Amputee Wrestler Has All the Right Moves

Kyle Maynard was a bona fide contender for a Georgia state high school wrestling championship, despite a physical condition that put him at a distinct disadvantage. Maynard, 19, was born a congenital amputee -- his arms ending at his elbows; his legs at his knees.

"I've met people who wonder why I wrestle," he writes in a new book "No Excuses." "Am I trying to have people feel sorry for me? Or am I simply trying to make friends, to be the token member of the team? Some people can't see the truth -- that regardless of my physical difference, I am as fierce a competitor as anyone can be."

"He was for real," said Cliff Ramos, Maynard's coach at Collins Hill High School in Suwanee, Ga. "Nobody took him lightly. And if they did, they regretted it."

An Inspiration to Others

Athletes such as Atlanta Braves pitcher John Smoltz and Ultimate Fighting champion Randy Couture say Maynard is an inspiration to them. Even though he isn't out of his teens, he is legendary at his former high school.

"If I have a practice going on," said Ramos, "and I think I've got some kids who aren't being as tough, maybe, as they should be, I'll stop practice and I'll remind them about a guy that wrestled here with no arms and no legs and never complained, even when he hurt his shoulder once."

From the beginning, Maynard's parents say they focused on making his life as normal as possible.

"All we knew is that he was a beautiful baby," said his mother, Anita. "He was glowing. He was gorgeous. ... So we focused on his face, that gorgeous face."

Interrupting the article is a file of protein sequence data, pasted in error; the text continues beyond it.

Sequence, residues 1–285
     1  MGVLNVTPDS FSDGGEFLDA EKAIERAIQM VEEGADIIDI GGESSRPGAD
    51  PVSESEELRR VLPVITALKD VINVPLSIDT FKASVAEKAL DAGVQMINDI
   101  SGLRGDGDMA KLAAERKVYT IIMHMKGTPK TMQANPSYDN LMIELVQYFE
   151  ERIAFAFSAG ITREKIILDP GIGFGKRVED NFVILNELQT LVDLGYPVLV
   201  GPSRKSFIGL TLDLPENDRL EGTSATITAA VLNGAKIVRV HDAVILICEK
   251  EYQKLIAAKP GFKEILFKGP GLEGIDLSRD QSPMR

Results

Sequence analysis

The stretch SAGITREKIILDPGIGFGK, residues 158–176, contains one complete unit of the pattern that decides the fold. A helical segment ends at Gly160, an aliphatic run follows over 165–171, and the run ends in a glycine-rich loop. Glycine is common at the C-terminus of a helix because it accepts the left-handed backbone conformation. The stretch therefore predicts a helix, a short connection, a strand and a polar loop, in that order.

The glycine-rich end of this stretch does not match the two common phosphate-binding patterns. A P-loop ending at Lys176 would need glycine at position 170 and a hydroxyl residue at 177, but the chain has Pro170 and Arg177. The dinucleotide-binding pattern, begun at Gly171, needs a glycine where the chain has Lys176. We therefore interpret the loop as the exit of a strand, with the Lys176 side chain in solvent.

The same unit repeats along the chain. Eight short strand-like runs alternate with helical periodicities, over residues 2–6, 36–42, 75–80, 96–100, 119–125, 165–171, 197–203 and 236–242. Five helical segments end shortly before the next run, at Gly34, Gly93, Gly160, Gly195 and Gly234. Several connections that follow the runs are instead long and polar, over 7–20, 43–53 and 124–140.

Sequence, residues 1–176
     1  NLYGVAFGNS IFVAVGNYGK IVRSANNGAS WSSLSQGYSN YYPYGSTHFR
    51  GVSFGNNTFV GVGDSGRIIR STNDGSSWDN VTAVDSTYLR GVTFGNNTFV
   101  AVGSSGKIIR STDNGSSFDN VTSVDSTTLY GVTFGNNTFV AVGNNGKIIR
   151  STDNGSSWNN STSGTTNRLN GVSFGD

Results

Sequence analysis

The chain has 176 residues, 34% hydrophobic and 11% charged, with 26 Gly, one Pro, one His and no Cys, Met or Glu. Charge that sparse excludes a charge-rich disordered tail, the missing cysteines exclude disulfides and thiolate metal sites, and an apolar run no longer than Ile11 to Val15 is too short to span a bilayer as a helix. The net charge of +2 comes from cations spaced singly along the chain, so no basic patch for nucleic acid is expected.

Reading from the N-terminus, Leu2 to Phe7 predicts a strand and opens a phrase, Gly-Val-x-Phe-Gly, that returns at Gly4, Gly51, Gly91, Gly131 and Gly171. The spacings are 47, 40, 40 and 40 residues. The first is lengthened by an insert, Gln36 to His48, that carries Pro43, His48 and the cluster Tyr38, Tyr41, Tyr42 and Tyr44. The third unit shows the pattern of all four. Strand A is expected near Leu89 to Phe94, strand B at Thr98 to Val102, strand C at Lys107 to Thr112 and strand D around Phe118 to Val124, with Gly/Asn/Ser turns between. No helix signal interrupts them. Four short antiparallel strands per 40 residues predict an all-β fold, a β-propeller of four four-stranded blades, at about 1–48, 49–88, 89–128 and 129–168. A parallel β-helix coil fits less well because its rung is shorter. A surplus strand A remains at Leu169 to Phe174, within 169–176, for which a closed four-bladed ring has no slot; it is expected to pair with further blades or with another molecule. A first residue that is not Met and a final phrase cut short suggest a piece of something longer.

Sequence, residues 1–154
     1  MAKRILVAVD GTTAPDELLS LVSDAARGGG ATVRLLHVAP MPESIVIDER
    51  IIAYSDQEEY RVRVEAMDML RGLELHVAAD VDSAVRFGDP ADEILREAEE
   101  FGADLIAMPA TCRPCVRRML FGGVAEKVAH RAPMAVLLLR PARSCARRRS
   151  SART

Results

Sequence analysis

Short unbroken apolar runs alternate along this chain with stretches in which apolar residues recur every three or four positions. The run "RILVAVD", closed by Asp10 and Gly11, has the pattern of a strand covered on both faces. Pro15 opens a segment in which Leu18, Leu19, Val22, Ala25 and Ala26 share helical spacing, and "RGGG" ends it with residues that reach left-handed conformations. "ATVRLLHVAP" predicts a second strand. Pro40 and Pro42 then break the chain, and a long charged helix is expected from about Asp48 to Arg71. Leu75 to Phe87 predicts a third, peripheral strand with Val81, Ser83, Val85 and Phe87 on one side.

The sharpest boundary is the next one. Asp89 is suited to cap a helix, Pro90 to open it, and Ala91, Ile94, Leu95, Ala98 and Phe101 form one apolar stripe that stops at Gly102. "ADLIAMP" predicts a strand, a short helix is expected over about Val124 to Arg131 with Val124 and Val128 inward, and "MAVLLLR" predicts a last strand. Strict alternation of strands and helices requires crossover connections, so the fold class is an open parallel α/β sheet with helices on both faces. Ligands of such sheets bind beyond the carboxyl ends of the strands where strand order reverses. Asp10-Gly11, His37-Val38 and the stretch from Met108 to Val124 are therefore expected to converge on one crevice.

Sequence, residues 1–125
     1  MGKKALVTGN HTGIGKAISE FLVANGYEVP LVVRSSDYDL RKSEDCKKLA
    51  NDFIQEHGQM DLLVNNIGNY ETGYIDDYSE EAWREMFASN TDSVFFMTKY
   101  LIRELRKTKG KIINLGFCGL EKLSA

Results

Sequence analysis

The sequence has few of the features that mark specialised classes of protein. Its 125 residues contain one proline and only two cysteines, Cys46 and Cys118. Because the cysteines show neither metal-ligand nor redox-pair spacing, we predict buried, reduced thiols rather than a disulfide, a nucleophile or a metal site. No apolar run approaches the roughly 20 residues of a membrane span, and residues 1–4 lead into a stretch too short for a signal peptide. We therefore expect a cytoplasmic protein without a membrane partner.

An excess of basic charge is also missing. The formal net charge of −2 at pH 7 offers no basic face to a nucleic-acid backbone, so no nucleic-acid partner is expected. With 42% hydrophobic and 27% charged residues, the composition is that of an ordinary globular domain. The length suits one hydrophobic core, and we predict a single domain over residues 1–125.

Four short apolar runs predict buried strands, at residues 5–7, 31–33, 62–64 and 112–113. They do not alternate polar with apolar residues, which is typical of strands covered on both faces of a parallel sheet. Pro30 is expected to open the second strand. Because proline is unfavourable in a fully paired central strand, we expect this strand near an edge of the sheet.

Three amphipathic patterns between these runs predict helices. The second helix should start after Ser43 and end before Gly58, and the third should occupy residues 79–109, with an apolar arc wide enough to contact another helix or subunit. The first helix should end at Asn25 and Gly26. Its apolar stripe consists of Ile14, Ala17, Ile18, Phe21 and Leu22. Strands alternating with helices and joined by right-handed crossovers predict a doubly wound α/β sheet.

Congenital amputation occurs in about one of every 2,000 births, but rarely affects all four limbs, as it did with Maynard. From the beginning, he said, his father insisted that he learn to feed himself out of concern that he might grow too dependent on others, while his grandmother refused to let other people look away from him.

"She brought me to a lot of grocery stores and she'd set me down in the cart. She told me, 'You don't have to be afraid of people. Look them straight in the eye and let them know that you see yourself as normal, and that's the way that they should perceive you, too.' "

An Early Penchant for Sports

Maynard was an active, ambitious child who loved rough-and-tumble activities. In neighborhood street hockey games, he played goalie. Then, in sixth grade, Maynard decided he wanted to play football. His mother made the call to the coach.

"I just told him that my child was born without all of his arms and legs, and has a big desire to play football, and is there something that he can do for the team?" said Anita Maynard.

She thought the experience would help Maynard socialize. But he and his father believed he could play. So did the coach, Tom Schie, who told Maynard he was picked for the team because of his ability, and for no other reason.

Soon, Maynard's father encouraged his son to try another sport which would at least match him with kids his own weight -- wrestling. He started in sixth grade.

He lost his first 35 matches.

"I was extremely discouraged. I don't think that anybody could go through that period without doubting themselves in some way, if you're a true competitor," he said. "I wanted to win."